Steve King defends his ‘white nationalist’ comments on House floor, but big GOP names say he’s toast

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Iowa congressman Steve King delivered a speech on the House floor Friday pushing back against accusations by the far-left and establishment right that he’s a self-avowed white supremacist.

King’s critics have based this accusation on remarks he made during an interview earlier in the week with The New York Times: “White nationalist, white supremacist, Western civilization — how did that language become offensive?” he reportedly said to the left-wing outlet.

Listen to part one of King’s rebuttal below:

Upon the interview’s publication Thursday, critics on both the left and right promptly pounced, accusing the congressman of being an unrepentant bigot and demanding he be censured.

According to the speech he delivered Friday, the narrative being peddled by his critics is false. He claimed specifically that the words he had said have been taken out of context.

“I want to start this out with some context of that discussion, and that is this: If you can control the language, you can control the policy. Labels have been hurled in this country at people like we have never seen in this history of America,” he explained, citing the abuse of the term “Nazi” as an example.

“That’s the foundation for that discussion … and in that also was discussion of other terms that had been used almost always unjustly labeling otherwise innocent people,” King continued.

That’s true. Even Candace Owens, a black political commentator, has been smeared as a “white supremacist” because of her political views, which like King’s views lean heavily to the right.

“The word racist, the word Nazi, the word fascist, the phrase white nationalist, the phrase white supremacist — they even are derogatory towards Western civilization, which is the foundation for the American civilization,” King added, arguing that the left uses these terms to even smear history.

Listen to part two of King’s rebuttal below:

Again he was correct. As noted by renowned conservative commentator Dennis Prager two years ago, “The Left sees everything in terms of race and equates Western civilization with whiteness.”

And it’s a demonstrable fact that many on the left would like to see Western civilization destroyed.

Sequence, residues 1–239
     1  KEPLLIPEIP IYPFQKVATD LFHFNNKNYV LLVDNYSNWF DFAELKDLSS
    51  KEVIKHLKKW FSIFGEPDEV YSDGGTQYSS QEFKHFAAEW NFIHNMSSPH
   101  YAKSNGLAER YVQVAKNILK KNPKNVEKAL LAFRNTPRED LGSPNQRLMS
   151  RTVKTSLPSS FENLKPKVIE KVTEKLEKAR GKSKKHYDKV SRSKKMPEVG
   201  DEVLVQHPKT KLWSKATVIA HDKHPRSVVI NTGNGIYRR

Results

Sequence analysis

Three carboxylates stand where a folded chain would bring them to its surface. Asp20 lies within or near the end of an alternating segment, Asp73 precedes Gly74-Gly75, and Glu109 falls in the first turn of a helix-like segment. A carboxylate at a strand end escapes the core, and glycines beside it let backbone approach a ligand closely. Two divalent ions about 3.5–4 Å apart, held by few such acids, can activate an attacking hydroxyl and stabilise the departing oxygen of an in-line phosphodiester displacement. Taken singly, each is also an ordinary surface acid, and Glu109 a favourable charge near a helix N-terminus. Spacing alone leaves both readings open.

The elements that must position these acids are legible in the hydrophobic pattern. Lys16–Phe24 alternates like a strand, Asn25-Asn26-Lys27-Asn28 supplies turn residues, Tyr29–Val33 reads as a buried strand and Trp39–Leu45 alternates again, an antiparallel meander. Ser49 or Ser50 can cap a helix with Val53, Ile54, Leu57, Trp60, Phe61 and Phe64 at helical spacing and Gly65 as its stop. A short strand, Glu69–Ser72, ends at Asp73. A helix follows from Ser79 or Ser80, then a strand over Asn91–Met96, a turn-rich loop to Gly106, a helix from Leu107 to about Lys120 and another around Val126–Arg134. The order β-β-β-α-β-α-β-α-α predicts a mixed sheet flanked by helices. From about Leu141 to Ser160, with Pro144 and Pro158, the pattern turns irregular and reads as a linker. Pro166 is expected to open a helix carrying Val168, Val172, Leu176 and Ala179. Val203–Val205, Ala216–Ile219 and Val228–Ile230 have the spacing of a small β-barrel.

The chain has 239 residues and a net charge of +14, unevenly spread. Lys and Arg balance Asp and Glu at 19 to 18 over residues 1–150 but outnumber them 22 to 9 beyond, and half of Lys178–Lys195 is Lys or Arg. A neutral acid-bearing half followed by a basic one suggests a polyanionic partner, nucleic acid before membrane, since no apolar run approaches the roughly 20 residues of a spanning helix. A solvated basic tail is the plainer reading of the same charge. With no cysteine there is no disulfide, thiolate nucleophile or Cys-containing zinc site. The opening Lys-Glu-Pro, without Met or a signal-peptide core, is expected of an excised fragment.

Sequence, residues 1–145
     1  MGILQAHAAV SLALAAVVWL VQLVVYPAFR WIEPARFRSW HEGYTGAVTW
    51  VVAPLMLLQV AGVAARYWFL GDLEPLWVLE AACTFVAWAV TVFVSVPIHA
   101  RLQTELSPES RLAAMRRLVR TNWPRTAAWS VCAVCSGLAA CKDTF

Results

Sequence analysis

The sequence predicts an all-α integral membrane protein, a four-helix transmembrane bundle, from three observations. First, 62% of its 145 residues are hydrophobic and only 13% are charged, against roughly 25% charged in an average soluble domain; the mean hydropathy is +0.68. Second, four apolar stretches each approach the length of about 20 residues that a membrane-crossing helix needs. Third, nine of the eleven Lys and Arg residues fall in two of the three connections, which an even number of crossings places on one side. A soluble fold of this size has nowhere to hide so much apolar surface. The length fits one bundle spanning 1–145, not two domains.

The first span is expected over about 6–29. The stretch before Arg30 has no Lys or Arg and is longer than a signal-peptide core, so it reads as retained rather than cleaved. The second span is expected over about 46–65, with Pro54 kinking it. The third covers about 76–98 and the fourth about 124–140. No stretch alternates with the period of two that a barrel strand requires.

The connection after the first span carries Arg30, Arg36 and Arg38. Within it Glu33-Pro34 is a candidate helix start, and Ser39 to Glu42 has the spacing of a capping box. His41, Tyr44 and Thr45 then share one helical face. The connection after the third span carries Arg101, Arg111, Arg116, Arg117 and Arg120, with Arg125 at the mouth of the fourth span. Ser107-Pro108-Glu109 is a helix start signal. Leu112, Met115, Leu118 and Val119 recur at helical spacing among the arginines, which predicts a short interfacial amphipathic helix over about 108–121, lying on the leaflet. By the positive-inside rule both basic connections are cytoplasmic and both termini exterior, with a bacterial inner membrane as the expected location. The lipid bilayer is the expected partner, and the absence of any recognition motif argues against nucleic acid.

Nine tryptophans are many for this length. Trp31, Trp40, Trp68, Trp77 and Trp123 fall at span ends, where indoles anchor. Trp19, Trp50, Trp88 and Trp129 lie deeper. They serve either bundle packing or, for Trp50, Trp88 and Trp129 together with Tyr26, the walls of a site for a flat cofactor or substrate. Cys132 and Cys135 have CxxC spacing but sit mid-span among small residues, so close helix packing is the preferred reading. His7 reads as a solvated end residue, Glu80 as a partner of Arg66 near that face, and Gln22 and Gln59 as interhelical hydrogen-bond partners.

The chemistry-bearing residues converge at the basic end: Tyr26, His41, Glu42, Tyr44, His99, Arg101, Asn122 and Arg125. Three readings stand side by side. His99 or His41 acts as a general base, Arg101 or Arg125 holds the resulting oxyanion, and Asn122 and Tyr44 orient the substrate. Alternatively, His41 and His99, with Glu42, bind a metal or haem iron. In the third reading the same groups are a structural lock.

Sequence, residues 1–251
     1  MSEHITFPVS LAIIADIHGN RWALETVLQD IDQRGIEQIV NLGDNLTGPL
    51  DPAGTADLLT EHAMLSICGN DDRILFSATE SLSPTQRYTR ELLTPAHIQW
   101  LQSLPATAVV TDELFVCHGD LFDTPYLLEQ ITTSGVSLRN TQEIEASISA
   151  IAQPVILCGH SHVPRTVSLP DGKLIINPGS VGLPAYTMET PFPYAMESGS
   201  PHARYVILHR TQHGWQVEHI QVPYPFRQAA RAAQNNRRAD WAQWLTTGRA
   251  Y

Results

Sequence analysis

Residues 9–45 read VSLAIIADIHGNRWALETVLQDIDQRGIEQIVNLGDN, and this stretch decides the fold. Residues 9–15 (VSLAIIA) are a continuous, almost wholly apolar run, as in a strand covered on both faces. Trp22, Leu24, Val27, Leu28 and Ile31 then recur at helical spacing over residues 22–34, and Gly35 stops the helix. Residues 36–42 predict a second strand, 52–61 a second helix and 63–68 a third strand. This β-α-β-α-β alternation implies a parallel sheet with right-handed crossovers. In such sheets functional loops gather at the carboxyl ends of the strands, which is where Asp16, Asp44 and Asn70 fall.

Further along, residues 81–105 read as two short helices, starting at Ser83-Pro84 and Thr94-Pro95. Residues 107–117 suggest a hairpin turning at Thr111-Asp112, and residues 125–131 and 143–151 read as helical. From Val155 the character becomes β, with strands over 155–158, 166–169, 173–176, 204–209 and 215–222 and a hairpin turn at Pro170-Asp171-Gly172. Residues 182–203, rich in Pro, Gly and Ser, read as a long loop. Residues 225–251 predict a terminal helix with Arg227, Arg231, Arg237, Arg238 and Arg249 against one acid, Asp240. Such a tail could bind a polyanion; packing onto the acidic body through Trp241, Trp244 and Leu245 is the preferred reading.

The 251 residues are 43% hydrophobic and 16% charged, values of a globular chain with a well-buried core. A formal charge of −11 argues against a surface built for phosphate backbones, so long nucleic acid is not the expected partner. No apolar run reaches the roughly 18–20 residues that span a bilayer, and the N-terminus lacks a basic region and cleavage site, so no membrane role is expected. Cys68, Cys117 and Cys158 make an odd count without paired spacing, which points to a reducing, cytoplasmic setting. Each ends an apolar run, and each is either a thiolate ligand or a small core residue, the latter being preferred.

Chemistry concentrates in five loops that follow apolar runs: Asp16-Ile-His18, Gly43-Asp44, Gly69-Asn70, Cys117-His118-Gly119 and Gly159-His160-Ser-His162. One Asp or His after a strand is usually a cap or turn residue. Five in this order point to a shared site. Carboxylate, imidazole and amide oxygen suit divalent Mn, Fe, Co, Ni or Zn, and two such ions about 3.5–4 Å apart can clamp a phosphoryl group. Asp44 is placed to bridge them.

It was these ideas he had been discussing with the Times, the congressman claimed.

“It was about how those words got plugged into our dialogue, not when the words became offensive, which is what the technical interpretation of this is. … It’s how did that offensive language get injected into our political dialogue? Who does that? How does that get done?” he explained.

The congressman spent the rest of the speech condemning white supremacy and nationalism, as well as apologizing for the gross misunderstanding that was caused by his articulateness.

For reasons that remain unclear, few appear to believe him. Even many on the establishment right have called for his condemnation and censuring, including conservative commentator Ben Shapiro.

Look:

It’s unclear why Shapiro and others like him have never called for the censuring of the unrepentant bigots in the Democrat Party, including Michigan Rep. Rashida Tlaib,  Tennessee state House Rep. London Lamar and New York state Sen. Velmanette Montgomery, among many others.

The growing chorus against King has been even louder on the left, where commentators have suggested the congressman’s fervent support for President Donald Trump’s immigration policies — which in reality a majority of Americans support — means Trump and the whole GOP are bigoted.

“The GOP is where it is today because the party chose to go down this road, playing to racists and xenophobes, demonizing immigrants, allowing a manufactured crisis at the border to shut down our government,” CNN commentator Don Lemon, a known anti-white racist, bellowed Friday.

“When you do that, what you get is someone like Congressman King, someone who feels emboldened to use language that’s not a dog whistle. It’s straight-up hateful.”

Listen to part one of his remarks below:

It’s unclear how the left and right’s interpretation of King’s words — which the congressman has alleged is false — is any less hateful and bigoted than Lemon’s own words and behavior.

The host laughed last October as his guests labeled black rapper Kanye West a “token negro.” Later that same month he accused white men of being the “biggest terror threat in this country.”

Listen to part two of his remarks below:

It’s also unclear why everybody appears to be so riled up by King’s alleged bigotry — which he’s attempted to account for with an apology — yet have no interest in calling out, condemning and/or censuring the bigotry of the far-leftists in both media and the Democrat Party.

Correction: The bigotry of the far-leftists in both media and the Democrat Party who have never once apologized or even tried to explain away their clear-cut bigotry and racism.

Vivek Saxena

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